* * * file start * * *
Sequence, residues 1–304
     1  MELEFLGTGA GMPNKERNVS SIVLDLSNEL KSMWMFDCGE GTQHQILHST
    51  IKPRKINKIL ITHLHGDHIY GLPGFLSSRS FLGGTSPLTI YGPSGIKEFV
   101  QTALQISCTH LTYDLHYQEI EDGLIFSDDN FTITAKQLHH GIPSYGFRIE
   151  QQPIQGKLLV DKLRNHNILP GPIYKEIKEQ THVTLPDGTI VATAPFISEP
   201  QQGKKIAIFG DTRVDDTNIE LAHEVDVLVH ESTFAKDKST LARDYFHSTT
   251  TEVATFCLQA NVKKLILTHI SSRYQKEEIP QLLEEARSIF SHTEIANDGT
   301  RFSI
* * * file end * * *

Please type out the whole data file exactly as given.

Sequence, residues 1–304
     1  MELEFLGTGA GMPNKERNVS SIVLDLSNEL KSMWMFDCGE GTQHQILHST
    51  IKPRKINKIL ITHLHGDHIY GLPGFLSSRS FLGGTSPLTI YGPSGIKEFV
   101  QTALQISCTH LTYDLHYQEI EDGLIFSDDN FTITAKQLHH GIPSYGFRIE
   151  QQPIQGKLLV DKLRNHNILP GPIYKEIKEQ THVTLPDGTI VATAPFISEP
   201  QQGKKIAIFG DTRVDDTNIE LAHEVDVLVH ESTFAKDKST LARDYFHSTT
   251  TEVATFCLQA NVKKLILTHI SSRYQKEEIP QLLEEARSIF SHTEIANDGT
   301  RFSI